Also, the project is on state land, so municipal land-use requirements won’t apply, state officials say. That’s generating apprehension that the lodge could be built without much local input. And though the plans include employee housing, some residents fear the project will aggravate the local worker housing shortage.
On the other hand, benefits could include more space to park planes and a new lodging option to counter vacation rentals that have contributed to higher housing prices, a few speakers said at the meeting.
The proposed developers say they will engage the community frequently.
Tim Treadwell said at the meeting that he grew up skiing in Girdwood and sees himself as a community member, though he lives in Anchorage. Andrew Faulkner grew up in Homer helping his father at the Land’s End Resort. But the Faulkner family has roots in Girdwood. His late grandfather, former Girdwood civic leader Sewell “Stumpy” Faulkner, is memorialized on the trailhead sign at Moose Meadow Park.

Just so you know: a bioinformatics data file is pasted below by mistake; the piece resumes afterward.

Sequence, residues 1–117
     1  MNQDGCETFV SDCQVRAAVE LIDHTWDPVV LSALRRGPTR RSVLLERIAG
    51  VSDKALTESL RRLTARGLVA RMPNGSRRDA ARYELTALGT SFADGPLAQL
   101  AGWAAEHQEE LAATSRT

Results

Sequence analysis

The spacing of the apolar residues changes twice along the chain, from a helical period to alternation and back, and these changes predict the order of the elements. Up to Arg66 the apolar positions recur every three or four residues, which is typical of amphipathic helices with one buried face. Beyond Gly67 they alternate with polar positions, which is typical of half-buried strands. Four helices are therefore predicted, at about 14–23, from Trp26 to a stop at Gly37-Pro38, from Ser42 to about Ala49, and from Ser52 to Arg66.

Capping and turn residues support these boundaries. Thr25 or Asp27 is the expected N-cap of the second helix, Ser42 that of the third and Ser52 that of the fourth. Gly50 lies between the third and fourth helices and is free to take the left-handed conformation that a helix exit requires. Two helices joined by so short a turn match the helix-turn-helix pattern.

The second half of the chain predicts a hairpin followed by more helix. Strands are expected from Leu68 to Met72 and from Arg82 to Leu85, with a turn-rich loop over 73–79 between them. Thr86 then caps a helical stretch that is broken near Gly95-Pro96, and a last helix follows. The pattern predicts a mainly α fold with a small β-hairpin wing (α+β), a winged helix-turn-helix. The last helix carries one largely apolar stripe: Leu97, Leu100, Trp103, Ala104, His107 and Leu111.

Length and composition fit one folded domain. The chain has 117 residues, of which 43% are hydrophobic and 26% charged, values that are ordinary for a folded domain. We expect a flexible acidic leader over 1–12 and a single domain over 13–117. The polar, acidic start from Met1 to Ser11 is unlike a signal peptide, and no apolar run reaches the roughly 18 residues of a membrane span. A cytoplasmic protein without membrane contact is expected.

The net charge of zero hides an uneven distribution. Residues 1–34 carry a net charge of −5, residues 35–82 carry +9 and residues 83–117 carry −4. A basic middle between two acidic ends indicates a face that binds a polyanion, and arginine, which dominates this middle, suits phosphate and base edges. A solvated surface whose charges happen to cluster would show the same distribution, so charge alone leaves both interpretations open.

Both families own second homes in Girdwood.
“We want to listen to the community when we’re in this planning process,” Tim Treadwell said.
A growing Girdwood
The state’s announcement of the application early this month opened a public comment period and call for potential competitors that ends June 12.
After the call for competition ends, the developers say they’ll disclose more information about the project.
They say many details, such as the final room count, won’t be known until traffic studies, permitting reviews and other analyses can be conducted.